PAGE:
Development of a post-mortem human specimen flow model for advanced bleeding control training

Suzanne M. Vrancken*, Boudewijn L.S. Borger van der Burg, Pieter W. Stark, Oscar J.F. van Waes, Joseph J. DuBose, Elizabeth R. Benjamin, André Lieber, Michael H.J. Verhofstad, Gert Jan Kleinrensink, Rigo Hoencamp

*Corresponding author for this work

Research output: Contribution to journalArticleAcademicpeer-review

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Abstract

Introduction: Prompt and effective hemorrhage control is paramount to improve survival in patients with catastrophic bleeding. In the ever-expanding field of bleeding control techniques, there is a need for a realistic training model to practice these life-saving skills. This study aimed to create a realistic perfused post-mortem human specimen (PMHS) flow model that is suitable for training various bleeding control techniques. Materials and Methods: This laboratory study was conducted in the SkillsLab & Simulation Center of Erasmus MC, University Medical Center Rotterdam, the Netherlands. One fresh frozen and five AnubiFiX® embalmed PMHS were used for the development of the model. Subsequent improvements in the exact preparation and design of the flow model were made based on model performance and challenges that occurred during this study and are described. Results: Circulating arteriovenous flow with hypertonic saline was established throughout the entire body via inflow and outflow cannulas in the carotid artery and jugular vein of embalmed PMHS. We observed full circulation and major hemorrhage could be mimicked. Effective bleeding control was achieved by placing a resuscitative endovascular balloon occlusion of the aorta (REBOA) catheter in the model. Regional perfusion significantly reduced the development of tissue edema. Conclusion: Our perfused PMHS model with circulating arterial and venous flow appears to be a feasible method for the training of multiple bleeding control techniques. Regional arteriovenous flow successfully reduces tissue edema and increases the durability of the model. Further research should focus on reducing edema and enhancing the durability of the model.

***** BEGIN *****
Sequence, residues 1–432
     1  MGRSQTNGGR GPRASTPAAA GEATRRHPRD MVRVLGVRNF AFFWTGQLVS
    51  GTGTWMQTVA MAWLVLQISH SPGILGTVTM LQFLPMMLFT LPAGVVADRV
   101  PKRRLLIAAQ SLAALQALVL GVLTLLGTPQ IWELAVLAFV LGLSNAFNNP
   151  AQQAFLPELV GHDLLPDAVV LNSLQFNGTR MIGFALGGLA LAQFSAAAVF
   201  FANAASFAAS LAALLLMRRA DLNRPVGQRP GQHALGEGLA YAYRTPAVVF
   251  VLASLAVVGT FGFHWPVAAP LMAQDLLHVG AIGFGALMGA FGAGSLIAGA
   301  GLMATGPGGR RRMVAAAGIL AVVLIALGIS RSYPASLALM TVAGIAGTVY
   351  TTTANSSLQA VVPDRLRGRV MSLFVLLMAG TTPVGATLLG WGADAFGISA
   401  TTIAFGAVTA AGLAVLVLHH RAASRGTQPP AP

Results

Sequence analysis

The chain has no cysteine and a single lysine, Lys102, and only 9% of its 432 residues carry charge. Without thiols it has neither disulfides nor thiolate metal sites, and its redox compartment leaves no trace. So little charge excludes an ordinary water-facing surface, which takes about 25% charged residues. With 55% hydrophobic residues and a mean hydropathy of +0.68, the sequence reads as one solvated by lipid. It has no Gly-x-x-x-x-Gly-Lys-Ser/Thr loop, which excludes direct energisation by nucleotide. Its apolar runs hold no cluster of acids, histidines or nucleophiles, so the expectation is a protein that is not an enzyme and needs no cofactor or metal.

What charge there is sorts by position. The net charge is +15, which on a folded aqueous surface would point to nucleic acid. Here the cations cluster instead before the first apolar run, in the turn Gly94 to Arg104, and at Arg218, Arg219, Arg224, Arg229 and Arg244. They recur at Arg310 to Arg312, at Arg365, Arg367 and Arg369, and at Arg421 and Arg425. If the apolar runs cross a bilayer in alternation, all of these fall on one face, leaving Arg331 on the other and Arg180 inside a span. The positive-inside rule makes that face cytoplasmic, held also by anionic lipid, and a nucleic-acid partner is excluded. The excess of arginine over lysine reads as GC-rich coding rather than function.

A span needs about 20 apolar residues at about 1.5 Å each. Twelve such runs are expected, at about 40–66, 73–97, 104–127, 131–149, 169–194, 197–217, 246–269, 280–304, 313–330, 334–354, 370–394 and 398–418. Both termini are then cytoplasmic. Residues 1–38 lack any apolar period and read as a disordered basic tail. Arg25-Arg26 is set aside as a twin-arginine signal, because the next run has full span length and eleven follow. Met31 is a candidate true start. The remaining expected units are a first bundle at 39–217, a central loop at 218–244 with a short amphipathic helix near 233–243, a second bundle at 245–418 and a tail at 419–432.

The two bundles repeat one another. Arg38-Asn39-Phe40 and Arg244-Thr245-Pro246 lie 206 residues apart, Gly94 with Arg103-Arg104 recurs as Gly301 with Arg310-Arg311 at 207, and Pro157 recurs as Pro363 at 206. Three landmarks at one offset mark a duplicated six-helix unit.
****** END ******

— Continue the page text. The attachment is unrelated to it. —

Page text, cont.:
Original languageEnglish
Pages (from-to)214-222
Number of pages9
JournalInjury
Volume54
Issue number1
DOIs
Publication statusE-pub ahead of print - 4 Aug 2022

Bibliographical note

Funding Information:
This study was partly funded by the SZVK, the Dutch Ministry of Defense, and the Karel Doorman Fund.

Publisher Copyright: © 2022 The Author(s)

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